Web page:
Acquired Esotropia Workup

Updated: Sep 13, 2018
  • Author: Mauro Fioretto, MD; Chief Editor: Hampton Roy, Sr, MD  more...
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Imaging Studies

Neuroimaging studies

Consider neuroimaging studies in the absence of expected findings (eg, hypermetropia) or fusion potential or in the presence of atypical features or neurologic signs.

Children with intracranial disease may have no neurological signs at onset.

CT scanning of the brain may be used to rule out causes of intracranial disease.

Four significant risk factors for intracranial disease have been identified that can guide clinicians when to perform brain imaging: [6]

  • Large esodeviation at distance
  • Recurrence of acute acquired comitant esotropia
  • Neurologic signs (papilledema)
  • Older age at onset (>6 years)

CT scan of orbits

CT scanning of orbits is performed with axial and coronal views in 3-mm cuts to evaluate the following:

  • Evaluation of fractures

  • Assessment of potential extraocular muscle entrapment

  • Presence of orbital mass

Chest radiography

Chest radiography is used for the following:

  • Lung nodules suggestive of lung carcinoma

  • May identify suspicious breast lesion

CT scan of neck/thorax/abdomen

This is used to evaluate for systemic malignancy.

B-scan ultrasonography

This is performed upon any doubt of globe integrity.

Radiographic imaging studies

Radiographic imaging studies (eg, MRI of brain and brainstem) are used if neurologic signs or craniofacial anomalies are present.


Other Tests

Bagolini striated glasses test

Most tests for fusion, suppression, and Anomalous Retinal Correspondence (ARC) create artificial viewing circumstances. Normally, the visual environment is not that of a red filter in front of one eye or a combination of red-green filters; separately viewed slides in illuminated tubes are nothing more than a laboratory analysis of retinal correspondence.

The striated glasses popularized by Bagolini allow the patient to view the normal visual environment with a faint reference line placed on the background viewed by each eye. The reference line for each eye is placed at right angles by arranging the glasses in the trial frame so that the striations before the right eye and the left eye are perpendicular to each other. For example, the striations are placed at 135° in the trial frame in front of the right eye and at 45° in front of the left eye. The patient views a fixation light at any distance chosen by the examiner; ordinary room illumination is maintained. The patient reports on the fixation light and observed streaks extending out into the peripheral field of vision.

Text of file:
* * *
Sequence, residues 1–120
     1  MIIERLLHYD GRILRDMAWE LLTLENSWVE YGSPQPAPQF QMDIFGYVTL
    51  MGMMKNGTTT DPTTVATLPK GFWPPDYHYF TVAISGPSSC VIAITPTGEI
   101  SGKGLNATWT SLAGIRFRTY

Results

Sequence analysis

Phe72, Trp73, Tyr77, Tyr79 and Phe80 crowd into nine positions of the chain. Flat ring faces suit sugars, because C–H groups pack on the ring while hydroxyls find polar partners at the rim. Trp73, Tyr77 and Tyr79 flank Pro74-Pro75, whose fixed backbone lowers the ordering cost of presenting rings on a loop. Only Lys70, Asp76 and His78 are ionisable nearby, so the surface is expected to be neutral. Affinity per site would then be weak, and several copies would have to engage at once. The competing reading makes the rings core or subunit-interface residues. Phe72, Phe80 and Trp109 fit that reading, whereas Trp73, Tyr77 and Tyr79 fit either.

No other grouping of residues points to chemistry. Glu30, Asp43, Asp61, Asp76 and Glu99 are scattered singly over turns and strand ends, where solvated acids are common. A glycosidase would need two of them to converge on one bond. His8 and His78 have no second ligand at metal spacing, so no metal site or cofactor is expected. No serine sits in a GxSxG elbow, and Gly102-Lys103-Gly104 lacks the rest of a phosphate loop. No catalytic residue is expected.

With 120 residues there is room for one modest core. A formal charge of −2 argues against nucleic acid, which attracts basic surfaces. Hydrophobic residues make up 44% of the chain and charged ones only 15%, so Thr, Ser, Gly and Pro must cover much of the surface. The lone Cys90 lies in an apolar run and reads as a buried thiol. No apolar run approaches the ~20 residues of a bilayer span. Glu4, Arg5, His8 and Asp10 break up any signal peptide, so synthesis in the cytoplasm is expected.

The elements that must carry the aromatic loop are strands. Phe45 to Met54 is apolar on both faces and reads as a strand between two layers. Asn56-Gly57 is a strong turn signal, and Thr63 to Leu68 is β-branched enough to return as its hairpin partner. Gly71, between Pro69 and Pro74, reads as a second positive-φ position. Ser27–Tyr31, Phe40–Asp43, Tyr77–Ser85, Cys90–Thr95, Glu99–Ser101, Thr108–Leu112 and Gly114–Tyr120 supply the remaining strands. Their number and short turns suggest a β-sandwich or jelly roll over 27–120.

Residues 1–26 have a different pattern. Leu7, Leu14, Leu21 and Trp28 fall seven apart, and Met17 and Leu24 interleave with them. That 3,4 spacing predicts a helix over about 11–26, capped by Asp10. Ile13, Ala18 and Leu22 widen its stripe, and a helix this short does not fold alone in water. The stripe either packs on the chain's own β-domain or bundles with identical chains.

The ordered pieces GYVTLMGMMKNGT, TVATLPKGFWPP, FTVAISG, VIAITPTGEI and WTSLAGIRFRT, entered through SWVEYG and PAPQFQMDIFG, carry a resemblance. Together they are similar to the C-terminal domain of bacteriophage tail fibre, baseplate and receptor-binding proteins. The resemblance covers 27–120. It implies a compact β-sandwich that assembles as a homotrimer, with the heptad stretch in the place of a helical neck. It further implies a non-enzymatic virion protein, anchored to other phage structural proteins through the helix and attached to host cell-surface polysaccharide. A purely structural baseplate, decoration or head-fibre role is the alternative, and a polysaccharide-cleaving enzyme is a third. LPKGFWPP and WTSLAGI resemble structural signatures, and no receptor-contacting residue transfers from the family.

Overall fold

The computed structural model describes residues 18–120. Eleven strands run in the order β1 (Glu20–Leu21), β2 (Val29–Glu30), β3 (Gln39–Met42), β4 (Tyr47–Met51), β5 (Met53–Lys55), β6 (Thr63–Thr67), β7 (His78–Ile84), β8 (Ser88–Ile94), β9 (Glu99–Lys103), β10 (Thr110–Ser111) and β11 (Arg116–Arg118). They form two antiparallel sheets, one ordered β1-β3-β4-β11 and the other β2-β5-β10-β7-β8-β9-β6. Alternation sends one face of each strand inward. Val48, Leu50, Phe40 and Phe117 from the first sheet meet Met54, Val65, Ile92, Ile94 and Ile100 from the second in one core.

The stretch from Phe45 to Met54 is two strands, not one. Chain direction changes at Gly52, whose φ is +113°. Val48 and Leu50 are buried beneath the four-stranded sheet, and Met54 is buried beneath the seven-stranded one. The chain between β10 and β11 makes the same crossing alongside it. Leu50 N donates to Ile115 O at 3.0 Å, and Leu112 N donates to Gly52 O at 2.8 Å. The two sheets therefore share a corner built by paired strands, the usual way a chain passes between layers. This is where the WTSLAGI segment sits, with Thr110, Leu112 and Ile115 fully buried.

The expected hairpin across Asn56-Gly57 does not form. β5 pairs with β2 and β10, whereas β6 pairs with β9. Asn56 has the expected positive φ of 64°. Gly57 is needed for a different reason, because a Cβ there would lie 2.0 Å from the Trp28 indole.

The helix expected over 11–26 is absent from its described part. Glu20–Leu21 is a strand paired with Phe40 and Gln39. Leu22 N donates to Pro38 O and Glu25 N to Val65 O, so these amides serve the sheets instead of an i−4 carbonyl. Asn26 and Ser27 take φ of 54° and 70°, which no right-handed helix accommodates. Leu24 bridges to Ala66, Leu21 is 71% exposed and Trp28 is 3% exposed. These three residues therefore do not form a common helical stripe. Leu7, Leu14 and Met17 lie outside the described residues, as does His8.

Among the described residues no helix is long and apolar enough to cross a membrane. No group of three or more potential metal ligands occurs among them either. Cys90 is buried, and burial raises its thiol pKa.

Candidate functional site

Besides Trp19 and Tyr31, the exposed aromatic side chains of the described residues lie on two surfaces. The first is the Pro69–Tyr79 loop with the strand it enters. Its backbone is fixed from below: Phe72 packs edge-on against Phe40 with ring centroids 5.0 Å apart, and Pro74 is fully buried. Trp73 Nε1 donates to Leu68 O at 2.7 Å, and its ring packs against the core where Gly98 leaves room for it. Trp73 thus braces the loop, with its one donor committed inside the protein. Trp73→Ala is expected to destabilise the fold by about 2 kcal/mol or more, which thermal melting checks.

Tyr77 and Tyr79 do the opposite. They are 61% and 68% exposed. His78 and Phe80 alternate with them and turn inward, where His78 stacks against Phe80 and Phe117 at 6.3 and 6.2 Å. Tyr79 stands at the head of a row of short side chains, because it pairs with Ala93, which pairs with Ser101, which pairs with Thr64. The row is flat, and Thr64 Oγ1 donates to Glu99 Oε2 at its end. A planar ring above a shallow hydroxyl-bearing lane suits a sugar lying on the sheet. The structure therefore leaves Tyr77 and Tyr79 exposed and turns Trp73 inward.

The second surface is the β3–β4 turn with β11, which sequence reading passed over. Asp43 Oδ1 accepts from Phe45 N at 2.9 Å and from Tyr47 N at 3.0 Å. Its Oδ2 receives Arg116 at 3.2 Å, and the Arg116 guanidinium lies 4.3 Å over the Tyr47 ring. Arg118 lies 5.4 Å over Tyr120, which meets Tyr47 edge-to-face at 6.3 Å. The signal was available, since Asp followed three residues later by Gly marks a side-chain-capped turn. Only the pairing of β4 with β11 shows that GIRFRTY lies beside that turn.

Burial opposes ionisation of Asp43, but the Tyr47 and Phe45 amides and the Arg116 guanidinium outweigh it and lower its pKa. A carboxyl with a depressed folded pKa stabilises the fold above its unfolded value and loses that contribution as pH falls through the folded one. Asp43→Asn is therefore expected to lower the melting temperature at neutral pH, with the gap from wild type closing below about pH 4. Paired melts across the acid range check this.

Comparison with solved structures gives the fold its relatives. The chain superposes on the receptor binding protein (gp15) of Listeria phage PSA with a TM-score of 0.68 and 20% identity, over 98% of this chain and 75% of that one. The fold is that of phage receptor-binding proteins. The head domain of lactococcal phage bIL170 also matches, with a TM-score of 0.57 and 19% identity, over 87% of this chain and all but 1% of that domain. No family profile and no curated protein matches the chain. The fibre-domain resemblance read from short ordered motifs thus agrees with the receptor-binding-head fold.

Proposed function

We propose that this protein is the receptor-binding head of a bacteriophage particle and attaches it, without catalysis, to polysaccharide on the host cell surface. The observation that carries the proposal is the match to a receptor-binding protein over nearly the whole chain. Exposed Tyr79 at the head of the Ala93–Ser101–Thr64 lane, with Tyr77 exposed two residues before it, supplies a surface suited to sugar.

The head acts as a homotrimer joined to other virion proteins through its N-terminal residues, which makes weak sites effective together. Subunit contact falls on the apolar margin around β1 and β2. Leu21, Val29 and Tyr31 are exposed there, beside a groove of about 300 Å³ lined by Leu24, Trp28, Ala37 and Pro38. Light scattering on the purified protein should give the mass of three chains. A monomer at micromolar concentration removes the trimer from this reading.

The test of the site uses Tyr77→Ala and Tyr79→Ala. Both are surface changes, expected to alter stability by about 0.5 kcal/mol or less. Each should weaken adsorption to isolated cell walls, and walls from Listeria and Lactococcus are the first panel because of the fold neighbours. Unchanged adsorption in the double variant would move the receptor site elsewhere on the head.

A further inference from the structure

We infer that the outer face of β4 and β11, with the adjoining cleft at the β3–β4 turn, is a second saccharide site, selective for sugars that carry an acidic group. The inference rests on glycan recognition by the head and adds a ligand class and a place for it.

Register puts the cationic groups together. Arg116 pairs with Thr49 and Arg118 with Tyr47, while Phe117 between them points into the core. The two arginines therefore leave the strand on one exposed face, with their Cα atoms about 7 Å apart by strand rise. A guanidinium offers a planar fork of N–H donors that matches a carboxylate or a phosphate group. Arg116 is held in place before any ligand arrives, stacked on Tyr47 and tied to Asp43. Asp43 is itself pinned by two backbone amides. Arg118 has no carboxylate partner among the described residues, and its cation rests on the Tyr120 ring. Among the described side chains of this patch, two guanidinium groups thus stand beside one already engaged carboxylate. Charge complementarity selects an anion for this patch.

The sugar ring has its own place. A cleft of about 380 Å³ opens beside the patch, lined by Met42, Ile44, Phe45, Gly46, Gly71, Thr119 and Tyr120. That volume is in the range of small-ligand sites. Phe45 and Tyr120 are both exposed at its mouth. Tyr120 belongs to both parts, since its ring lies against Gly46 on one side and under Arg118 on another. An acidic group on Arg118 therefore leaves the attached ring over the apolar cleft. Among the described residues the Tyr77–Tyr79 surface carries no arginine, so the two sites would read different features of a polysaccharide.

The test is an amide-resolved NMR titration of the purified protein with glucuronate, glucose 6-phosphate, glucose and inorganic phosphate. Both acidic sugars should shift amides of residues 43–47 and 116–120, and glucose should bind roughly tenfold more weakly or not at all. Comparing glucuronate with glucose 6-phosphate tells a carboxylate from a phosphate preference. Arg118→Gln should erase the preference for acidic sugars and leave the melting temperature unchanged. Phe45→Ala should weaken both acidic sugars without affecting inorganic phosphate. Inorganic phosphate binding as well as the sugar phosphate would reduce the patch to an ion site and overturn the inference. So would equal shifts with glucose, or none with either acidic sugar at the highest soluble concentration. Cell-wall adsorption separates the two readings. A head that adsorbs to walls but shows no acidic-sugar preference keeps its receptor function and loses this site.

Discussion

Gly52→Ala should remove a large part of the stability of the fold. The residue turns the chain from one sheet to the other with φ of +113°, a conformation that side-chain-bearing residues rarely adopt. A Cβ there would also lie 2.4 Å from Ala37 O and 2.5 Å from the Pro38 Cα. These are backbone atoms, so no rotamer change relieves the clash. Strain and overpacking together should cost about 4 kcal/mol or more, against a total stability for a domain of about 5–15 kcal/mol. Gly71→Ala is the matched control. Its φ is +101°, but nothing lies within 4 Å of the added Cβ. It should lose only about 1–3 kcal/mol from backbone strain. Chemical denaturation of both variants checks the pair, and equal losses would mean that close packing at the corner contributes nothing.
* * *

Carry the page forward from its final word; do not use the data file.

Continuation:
The Bagolini striated glasses test requires a degree of maturity that seldom is found in a child younger than 8 years. Describing or drawing the suppression scotoma gap in 1 of the streaks presents great difficulty to the young child.


Patients with esotropia of 10 D or more give varied responses, depending on whether they have Normal Retinal Correspondence (NRC), ARC monocular vision, or an absence of binocular vision.

The esotropic patient with NRC sees 2 fixation lights in homonymous diplopia, with a separate streak through each lens and without a break in either streak. Compensating for the esotropic angle with base-out prisms eliminates the diplopic fixation light, and the streaks then intersect at the fixation light.

The patient with ARC and suppression sees 1 fixation light and 2 streaks forming an X; after being questioned, the patient recognizes the suppression scotoma projecting from the nasal retina of the deviated eye as a gap of 5-6° around the fixation light in the streak seen by that eye.

The scotoma can be studied further by removing the striated glass from in front of the fixating eye and slowly rotating the striated glass before the nonfixating eye. As the streak rotates, the gap in the streak around the fixation light persists, beautifully outlining the scotoma for 360°. Furthermore, ARC is made evident by the patient's claim that the streak seen by the deviated eye passes through the fixation light as the patient mentally connects the 2 ends of the gap in this streak. When the light is held in front of the eyes, base-out prism power equal to the esotropic deviation produces crossed diplopia for the fixation light, and each light has its separate streak passing through it.

The patient devoid of single binocular vision sees only 1 light and 1 streak. The patient may claim to see 2 streaks if rapidly alternating but will admit under questioning that the 2 streaks are not perceived simultaneously.


The patient with exotropia of 10 D or more may report NRC with heteronymous diplopia, ARC with suppression, or an absence of binocular vision.

The large profound scotoma of the temporal retina, extending up to the hemiretinal line in the exotropic patient with ARC, prevents all but the best observers from appreciating the extremely peripheral small streak seen outside the suppression scotoma of the deviated eye. Consequently, many exotropic patients report seeing only 1 streak.

Those patients who can detect the small peripheral ends of the streak describe the ends on the axis that coincides with the light, supporting the diagnosis of ARC. Furthermore, base-in prism power placed in front of the eyes that equals the deviation angle creates homonymous diplopia of the fixation light, each image having a separate streak.